In 2004, Purdue Pharma was facing a threat to sales of its blockbuster opioid painkiller OxyContin, which were approaching $2 billion a year. With abuse of the drug on the rise, prosecutors were bringing criminal charges against some doctors for prescribing massive amounts of OxyContin.
That October, an essay ran across the top of The New York Times’ health section under the headline “Doctors Behind Bars: Treating Pain is Now Risky Business.” Its author, Sally Satel, a psychiatrist, argued that law enforcement was overzealous, and that some patients needed large doses of opioids to relieve pain. She described an unnamed colleague who had run a pain service at a university medical center and had a patient who could only get out of bed by taking “staggering” levels of oxycodone, the active ingredient in OxyContin. She also cited a study published in a medical journal showing that OxyContin is rarely the only drug found in autopsies of oxycodone-related deaths.
“When you scratch the surface of someone who is addicted to painkillers, you usually find a seasoned drug abuser with a previous habit involving pills, alcohol, heroin or cocaine,” Satel wrote.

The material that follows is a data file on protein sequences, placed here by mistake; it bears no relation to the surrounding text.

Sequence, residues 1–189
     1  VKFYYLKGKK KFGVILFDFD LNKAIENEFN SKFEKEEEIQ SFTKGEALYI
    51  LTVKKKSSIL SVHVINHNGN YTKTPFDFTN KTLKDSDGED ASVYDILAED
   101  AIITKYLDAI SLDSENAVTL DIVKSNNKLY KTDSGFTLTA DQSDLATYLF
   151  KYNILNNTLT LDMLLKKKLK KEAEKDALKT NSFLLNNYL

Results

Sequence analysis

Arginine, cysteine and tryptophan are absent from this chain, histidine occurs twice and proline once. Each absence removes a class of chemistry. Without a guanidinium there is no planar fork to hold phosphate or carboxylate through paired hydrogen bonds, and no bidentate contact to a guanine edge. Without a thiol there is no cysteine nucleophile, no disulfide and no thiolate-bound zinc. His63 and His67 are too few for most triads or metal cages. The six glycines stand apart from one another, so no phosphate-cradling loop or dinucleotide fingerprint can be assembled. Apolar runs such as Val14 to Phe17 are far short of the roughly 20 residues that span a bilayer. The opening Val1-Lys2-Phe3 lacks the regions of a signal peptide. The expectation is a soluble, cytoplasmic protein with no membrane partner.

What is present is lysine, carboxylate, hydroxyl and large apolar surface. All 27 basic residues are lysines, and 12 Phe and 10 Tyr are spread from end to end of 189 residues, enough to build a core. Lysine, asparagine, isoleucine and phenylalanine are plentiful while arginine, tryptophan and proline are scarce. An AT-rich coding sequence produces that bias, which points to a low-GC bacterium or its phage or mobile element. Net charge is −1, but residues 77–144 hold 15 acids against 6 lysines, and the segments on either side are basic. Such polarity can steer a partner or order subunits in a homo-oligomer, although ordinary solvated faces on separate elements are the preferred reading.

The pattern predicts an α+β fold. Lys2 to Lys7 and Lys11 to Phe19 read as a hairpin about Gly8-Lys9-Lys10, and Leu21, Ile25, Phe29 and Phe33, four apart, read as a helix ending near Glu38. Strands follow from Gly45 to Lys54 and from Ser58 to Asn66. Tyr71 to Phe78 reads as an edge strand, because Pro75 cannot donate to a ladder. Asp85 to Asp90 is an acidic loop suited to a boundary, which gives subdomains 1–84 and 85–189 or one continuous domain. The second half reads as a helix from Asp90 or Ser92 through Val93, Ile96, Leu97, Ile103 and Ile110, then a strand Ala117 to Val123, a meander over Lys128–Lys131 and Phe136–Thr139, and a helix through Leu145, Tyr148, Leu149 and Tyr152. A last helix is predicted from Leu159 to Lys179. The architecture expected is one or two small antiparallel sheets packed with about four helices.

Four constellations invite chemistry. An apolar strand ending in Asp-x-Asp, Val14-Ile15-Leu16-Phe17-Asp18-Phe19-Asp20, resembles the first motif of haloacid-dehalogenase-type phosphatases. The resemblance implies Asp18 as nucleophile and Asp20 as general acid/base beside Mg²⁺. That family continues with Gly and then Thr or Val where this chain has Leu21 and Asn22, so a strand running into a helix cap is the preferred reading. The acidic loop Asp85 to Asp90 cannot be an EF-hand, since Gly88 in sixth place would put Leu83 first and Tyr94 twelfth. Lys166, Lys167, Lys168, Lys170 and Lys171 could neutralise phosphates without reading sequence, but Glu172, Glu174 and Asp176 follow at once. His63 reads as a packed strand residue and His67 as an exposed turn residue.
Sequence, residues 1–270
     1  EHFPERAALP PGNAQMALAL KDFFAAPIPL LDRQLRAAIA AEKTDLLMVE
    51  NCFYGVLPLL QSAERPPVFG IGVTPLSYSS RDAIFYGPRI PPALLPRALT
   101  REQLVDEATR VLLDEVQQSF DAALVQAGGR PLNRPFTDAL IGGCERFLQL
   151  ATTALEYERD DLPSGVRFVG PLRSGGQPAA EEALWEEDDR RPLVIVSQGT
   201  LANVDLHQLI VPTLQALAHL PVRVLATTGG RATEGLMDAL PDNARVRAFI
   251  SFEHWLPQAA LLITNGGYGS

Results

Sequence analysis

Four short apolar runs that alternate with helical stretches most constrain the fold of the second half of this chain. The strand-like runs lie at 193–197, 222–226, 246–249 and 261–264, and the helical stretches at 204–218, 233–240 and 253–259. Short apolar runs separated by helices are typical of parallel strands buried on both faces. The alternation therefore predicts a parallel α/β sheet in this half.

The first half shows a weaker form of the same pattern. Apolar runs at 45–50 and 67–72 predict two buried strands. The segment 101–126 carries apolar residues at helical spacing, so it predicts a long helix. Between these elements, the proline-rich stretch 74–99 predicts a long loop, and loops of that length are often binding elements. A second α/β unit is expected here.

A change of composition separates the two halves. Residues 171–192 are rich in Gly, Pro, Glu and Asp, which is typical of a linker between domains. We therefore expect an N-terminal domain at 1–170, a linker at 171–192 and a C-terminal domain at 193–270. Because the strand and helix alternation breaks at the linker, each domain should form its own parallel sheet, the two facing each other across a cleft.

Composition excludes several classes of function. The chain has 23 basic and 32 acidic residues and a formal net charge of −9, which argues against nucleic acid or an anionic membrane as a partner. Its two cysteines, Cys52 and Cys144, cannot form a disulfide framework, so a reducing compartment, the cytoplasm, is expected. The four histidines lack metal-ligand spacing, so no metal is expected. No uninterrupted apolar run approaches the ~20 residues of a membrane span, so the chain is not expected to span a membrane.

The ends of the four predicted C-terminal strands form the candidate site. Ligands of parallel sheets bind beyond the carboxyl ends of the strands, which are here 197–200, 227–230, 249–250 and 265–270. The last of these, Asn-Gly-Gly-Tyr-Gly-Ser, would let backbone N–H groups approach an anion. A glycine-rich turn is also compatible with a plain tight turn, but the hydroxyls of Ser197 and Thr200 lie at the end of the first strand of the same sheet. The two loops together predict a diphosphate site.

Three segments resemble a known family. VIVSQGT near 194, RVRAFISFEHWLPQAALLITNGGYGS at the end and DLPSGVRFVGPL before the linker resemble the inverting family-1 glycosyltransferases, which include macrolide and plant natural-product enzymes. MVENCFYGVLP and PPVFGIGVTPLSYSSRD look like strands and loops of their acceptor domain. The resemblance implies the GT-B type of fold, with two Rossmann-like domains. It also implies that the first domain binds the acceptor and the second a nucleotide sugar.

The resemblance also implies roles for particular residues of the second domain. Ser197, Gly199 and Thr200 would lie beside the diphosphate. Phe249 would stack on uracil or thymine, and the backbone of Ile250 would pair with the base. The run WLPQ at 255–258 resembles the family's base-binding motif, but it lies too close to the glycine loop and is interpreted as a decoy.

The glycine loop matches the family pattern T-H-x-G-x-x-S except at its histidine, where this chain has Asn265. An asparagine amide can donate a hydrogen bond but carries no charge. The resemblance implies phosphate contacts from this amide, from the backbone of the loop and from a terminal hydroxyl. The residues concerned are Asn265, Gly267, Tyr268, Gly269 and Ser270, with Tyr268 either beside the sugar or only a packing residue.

Satel offers an interesting counter-narrative on the contributions of prescription opioids to the opioid crisis.
So . . . where’s she coming from?
Purdue’s hidden relationships with Satel and AEI illustrate how the company and its public relations consultants aggressively countered criticism that its prized painkiller helped cause the opioid epidemic.
It turns out that the think tank Satel works for received more than $800,000 over the years from Purdue Pharma. Now, the American Enterprise Institute’s mission is to promote free enterprise. So, defending a corporation from government action probably does not require any bribery.
However, there’s more than just a simple donation because of a convergence of philosophical interests:
- Satel had quoted an unnamed unnamed doctor in her piece. That doctor turns out to be a Purdue employee.
- She cited a study funded and written by Purdue.
- She sent a draft of the article to Purdue’s lobbyist for review.
- And, of course, none of this was disclosed.
Was it just AEI and Satel?
Purdue funded think tanks tapped by the media for expert commentary, facilitated publication of sympathetic articles in leading outlets where its role wasn’t disclosed, and deterred or challenged negative coverage, according to the documents and emails.
Read the whole article here.